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March 30 2012

11:00

The Awesome News Taskforce in Detroit Grows Up

The Awesome News Taskforce Detroit recently had their very first deliberation meeting to choose the winner of their first $1,000 grant. I listened in from my room in Somerville, Mass., 718 miles away.

We've come a long way since my first trip to Detroit in August to sow the seeds for the Awesome News Taskforce project.

On that first trip, I met with as many people doing interesting projects as I could to tell them about our plans, get feedback, and also to learn more about the core issues that shape the city. On the next trip, I interviewed candidates for the Dean of Awesome position and ended up hiring Marshalle Montgomery, a superwoman facilitator, organizer and filmmaker.

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Marshalle and I have worked together since to bring together a passionate, diverse and multi-talented group of trustees to form the core of the Awesome News Taskforce, and I couldn't be more proud of the results. We ended up with a group of 20 trustees who hail from every corner of the metro Detroit area with backgrounds ranging from ethnic media to founding hacker spaces. Over the course of the next month, we're blogging short profiles of all the trustees here -- two of them are up already!

creating an alternative community

The Awesome News Taskforce project is, uniquely, not about making new tech or producing a new type of story. It's about creating an alternative community for people -- journalists and non-journalists alike -- to learn how to shape their own media landscapes together. So our equivalent of that magical moment where your code passes all the tests was the first deliberation, the first time that these individuals who were bound not by professional obligation but by a love of their city came together to discuss what they want to see more of. They discussed the feasibility, impact and implementation of the 45 projects that were submitted in this first cycle.

But in classic Awesome Foundation tradition, they also talked about excitement, joy and wonder. And the best part? I chimed in once or twice, but for the most part they did their own thing.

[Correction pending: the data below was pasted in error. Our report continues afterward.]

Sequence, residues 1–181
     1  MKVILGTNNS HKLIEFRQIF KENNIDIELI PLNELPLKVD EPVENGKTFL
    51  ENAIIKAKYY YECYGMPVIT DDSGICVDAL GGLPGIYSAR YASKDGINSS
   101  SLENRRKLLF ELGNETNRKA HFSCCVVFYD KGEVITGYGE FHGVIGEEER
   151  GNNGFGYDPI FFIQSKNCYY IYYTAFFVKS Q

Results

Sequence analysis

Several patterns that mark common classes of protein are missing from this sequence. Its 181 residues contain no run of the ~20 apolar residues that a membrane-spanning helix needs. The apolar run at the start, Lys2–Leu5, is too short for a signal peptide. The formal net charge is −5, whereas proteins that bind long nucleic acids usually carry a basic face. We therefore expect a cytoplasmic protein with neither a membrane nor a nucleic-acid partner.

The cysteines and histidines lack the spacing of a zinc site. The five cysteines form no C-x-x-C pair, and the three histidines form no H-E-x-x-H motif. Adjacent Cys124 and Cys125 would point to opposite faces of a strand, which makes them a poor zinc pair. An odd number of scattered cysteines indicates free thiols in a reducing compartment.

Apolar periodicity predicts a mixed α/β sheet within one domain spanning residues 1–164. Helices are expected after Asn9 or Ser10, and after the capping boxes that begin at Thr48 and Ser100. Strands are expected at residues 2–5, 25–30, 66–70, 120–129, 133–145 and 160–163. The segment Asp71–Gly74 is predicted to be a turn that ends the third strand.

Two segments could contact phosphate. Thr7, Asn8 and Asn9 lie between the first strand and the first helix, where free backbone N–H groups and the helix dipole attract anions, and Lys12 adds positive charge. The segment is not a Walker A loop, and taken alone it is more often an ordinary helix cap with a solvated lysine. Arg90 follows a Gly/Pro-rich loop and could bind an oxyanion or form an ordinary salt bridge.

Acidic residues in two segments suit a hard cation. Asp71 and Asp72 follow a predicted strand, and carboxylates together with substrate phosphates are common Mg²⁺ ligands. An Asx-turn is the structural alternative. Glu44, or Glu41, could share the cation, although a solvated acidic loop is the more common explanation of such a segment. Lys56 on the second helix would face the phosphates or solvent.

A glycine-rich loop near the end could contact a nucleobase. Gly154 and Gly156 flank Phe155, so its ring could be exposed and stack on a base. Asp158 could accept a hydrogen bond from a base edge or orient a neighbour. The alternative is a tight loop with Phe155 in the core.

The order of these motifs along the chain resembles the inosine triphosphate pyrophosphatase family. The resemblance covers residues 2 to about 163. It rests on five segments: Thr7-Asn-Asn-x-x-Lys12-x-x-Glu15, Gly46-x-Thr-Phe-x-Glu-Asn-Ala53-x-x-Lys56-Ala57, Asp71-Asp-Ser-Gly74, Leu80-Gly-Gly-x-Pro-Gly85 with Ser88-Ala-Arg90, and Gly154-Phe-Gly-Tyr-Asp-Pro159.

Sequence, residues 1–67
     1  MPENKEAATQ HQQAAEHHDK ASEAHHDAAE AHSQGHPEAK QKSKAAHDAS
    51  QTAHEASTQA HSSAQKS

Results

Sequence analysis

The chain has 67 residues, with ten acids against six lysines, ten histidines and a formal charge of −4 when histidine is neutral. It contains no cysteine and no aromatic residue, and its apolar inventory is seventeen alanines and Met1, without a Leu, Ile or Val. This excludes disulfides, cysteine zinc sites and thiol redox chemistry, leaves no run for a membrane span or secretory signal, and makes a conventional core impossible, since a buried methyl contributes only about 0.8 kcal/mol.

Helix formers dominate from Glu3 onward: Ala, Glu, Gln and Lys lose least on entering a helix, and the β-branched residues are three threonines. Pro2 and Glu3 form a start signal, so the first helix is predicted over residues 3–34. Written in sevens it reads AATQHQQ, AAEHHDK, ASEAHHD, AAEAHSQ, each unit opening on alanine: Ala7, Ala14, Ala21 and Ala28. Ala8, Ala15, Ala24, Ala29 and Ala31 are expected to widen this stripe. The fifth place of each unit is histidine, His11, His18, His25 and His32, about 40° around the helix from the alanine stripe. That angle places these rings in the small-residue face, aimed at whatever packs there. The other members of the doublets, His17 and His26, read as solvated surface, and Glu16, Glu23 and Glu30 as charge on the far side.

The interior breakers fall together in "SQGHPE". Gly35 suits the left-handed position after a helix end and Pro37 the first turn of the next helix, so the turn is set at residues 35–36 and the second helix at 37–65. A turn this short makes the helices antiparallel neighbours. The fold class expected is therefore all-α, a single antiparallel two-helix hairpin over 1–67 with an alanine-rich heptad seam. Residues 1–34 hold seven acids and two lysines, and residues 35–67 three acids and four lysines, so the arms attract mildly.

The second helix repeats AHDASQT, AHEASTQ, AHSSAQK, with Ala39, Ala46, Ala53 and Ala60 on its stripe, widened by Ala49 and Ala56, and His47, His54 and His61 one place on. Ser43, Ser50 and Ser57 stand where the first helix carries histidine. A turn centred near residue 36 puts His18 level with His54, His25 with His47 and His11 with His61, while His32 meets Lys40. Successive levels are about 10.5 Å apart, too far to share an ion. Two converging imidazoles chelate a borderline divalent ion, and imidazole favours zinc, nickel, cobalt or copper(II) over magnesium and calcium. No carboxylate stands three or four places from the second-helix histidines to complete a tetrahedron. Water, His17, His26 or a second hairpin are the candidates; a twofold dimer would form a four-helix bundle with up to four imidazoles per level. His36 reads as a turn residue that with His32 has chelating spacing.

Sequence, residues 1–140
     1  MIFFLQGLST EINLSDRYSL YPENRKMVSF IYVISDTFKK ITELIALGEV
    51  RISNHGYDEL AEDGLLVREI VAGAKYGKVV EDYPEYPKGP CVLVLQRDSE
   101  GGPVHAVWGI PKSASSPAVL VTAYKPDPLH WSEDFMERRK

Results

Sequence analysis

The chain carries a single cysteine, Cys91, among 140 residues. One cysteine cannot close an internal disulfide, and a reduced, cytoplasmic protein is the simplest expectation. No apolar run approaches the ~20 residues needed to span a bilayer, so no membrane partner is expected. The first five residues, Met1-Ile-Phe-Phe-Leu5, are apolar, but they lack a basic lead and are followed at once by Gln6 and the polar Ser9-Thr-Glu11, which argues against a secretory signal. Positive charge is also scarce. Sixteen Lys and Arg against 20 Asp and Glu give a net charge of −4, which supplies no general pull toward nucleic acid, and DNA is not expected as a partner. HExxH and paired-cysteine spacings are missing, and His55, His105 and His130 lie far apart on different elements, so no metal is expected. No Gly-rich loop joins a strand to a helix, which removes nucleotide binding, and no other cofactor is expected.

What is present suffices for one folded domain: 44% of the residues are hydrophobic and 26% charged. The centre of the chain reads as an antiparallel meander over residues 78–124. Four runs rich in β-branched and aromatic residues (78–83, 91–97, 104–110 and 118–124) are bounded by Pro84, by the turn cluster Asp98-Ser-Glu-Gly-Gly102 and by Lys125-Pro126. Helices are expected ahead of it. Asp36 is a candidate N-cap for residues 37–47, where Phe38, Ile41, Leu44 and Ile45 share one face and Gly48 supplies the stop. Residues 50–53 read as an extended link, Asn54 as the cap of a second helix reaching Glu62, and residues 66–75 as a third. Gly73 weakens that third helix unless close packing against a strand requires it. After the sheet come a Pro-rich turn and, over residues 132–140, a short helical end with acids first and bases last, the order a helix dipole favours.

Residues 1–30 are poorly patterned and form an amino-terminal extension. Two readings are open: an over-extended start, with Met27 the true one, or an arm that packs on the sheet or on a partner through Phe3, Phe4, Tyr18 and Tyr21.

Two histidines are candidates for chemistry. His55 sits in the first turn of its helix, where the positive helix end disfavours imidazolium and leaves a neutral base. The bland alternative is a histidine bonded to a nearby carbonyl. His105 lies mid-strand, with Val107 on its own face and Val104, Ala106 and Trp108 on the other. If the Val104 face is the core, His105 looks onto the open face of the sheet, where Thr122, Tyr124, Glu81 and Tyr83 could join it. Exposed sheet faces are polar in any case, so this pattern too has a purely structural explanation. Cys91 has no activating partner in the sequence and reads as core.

It's a wonderful feeling for an instigator of a group like this to be obsoleted so quickly!

So what project ended up with the money? It's a secret for now, but we'll be announcing it at the first Awesome News Taskforce Detroit party at the Virgil H. Carr Cultural Center at 6-8 p.m. this Friday. I'll give you a hint, though: It's pretty awesome.

December 28 2011

15:20

Idea Lab: Year in Review 2011

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It's been an eventful year on MediaShift's Idea Lab, marked by mergers, beta releases and site redesigns for the many innovators in digital media. This past year also saw the Knight Foundation announce 16 winners of its News Challenge contest, up from 12 grantees in 2010 -- and the total prize money hit $4.7 million, thanks in part to a $1 million contribution from Google.

A couple of themes that ran big among the winners this year were data and mobile. We saw the rise of the hacker-journalist, and many projects were focused on making sense of the stream of data -- think PANDA, ScraperWiki, OpenBlock Rural, Overview, SwiftRiver and DocumentCloud.

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We also saw new interpretations of journalism, such as NextDrop, a mobile platform that helps people in India find out when water is available; Poderopedia, a crowdsourced database that visualizes the relationships among Chile's elite; and the Awesome Foundation, which not only has an awesome name, but is using mini-grants to give others a chance to start up projects of their own.

Here's a look back at just some of the highlights on Idea Lab in 2011.

Just out of beta

Several Knight News Challenge winners announced considerable strides in their projects. The PANDA project, which aims to make basic data analysis quick and easy for news organizations, pushed out a first, and then a second, alpha, adding a login/registration system, dataset search, and complex query support, among other features. It has also been working to integrate directly with fellow News Challenge winner ScraperWiki. "This is speculative at the moment, but has the potential to make the API useful even to novice developers who might not be entirely comfortable writing shell scripts or cron jobs," explained PANDA's Christopher Groskopf.